Now imagine those amongst us with intellectual disabilities severe enough to impair their abilities to manage the modest funds that our society sees fit to send them in the form of Social Security benefits. It's for that reason that Congress in 1939 amended the 1935 Social Security Act to create the representative payee system. A payee is a person or entity who is entrusted to manage the beneficiaries’ resources and specifically their finances for them.

Payees and beneficiaries may live in your neighborhood; maybe you know that you know someone in such a relationship or maybe you don't realize; maybe you are someone who performs payee duties well.

When an organization called Consumer Protection Association closed its doors in Cleveland about a year ago, many disabled beneficiaries for whom it acted as a coordinator of payee services had their lives thrown into disarray. Advocates for disabled persons and those experiencing homelessness told me that they are familiar with many other cases where problems with payees' management of benefits caused beneficiaries to fall into situations as dire as homelessness. While some of these situations may rise to the level of criminality on the part of unscrupulous payees, it's also easy to image well-intentioned family members overwhelmed by their own lives struggling and falling short of doing what is needed for a related beneficiary, especially if the payee has to live far away, and so on.

Rutgers University law school professor Reid Weisbord published a law review article calling for the payee system to incorporate a reform allowing for a concerned family member of beneficiaries to adopt an advisory role with the ability to prod payees to provide basic necessities to the beneficiary without becoming the payee themselves. When I reached attorney Kristen Henry of Columbus-based Disability Rights Ohio by telephone in early November, she called Weisbord's ideas "a great idea for a lot of reasons", while allowing that it might be called "authorized representative" in order to expand its eligibility to concerned persons not related to the beneficiary. Henry said that a "model" for this kind of relationship already exists in other federal programs like Medicaid and she said it works well.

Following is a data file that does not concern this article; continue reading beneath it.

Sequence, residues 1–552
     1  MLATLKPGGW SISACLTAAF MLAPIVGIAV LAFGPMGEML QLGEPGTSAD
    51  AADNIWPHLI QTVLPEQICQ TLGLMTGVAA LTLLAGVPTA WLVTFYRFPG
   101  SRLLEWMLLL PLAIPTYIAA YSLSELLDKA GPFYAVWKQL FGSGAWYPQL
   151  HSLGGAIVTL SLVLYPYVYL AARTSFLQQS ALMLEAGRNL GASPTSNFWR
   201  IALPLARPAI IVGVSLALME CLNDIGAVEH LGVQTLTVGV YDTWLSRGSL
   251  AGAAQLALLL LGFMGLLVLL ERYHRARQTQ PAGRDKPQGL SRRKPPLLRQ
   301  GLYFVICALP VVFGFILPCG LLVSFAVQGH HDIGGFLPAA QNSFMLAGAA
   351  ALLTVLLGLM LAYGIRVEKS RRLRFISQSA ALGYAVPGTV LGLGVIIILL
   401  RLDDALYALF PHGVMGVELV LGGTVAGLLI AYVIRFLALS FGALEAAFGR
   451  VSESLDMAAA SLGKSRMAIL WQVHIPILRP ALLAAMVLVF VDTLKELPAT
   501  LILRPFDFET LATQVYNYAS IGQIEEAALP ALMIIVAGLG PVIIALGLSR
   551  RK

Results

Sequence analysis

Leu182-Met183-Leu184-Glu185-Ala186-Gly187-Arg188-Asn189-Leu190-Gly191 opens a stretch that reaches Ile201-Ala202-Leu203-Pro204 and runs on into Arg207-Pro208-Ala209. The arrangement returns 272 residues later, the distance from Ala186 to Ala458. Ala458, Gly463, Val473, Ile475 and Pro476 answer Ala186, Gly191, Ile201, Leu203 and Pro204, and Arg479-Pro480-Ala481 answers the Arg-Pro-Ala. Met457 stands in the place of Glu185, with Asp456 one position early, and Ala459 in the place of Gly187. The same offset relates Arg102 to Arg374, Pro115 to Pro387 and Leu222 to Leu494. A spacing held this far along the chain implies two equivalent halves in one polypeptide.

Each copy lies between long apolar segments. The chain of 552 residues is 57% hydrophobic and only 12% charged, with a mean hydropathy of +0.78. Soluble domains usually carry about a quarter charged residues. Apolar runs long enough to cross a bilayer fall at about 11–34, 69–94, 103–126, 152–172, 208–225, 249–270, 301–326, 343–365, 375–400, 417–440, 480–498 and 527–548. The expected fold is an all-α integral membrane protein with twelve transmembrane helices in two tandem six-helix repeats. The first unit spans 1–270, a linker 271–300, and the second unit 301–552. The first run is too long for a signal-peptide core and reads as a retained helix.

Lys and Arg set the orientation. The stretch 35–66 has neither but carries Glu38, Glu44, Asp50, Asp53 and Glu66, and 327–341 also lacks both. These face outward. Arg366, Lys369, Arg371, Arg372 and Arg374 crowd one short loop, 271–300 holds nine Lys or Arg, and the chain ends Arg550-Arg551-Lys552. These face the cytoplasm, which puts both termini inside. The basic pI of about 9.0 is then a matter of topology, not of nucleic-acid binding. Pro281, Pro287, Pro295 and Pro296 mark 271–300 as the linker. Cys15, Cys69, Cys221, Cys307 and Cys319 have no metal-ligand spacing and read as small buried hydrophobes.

An advocate for those experiencing homelessness in encouraging me to research this article pushed further towards an idea of having the law actually compel the payees to set aside enough of a share of a person's benefits to allow for decent housing before doing anything else. This idea seems to tie into a concept of a human right to housing, and seems to be consistent with recent trends in the homelessness and addiction treatment communities to put "housing first" in all their matters.

 When I tested this idea with Bill Denihan -- who as head of Cuyahoga County ADAMHS Board has far-reaching interaction with disabled beneficiaries and their payees – during an October interview at the ADAMHS offices, he called it a "broad-brush call" and was sensitive to the autonomy of beneficiaries in saying that "since we're talking about their money, it would have to be a movement that came from them, not from us."

Henry, while seeming favorable to the mandate concept in principle, said it would be "a little more difficult to operationalize", bringing in the valid point that it would be hard to generalize what share of various beneficiaries’ benefits would need to go to housing when different individuals would have different levels of access to programs like Section 8 subsidies, or perhaps some would and some wouldn't have relatives to live with -- not to mention, as I interjected, widely different levels of rent levels in different areas of the U.S.  Henry did allow that without necessarily mandating dollar amounts, reform could “introduce rules about reporting about addressing these primary concerns first."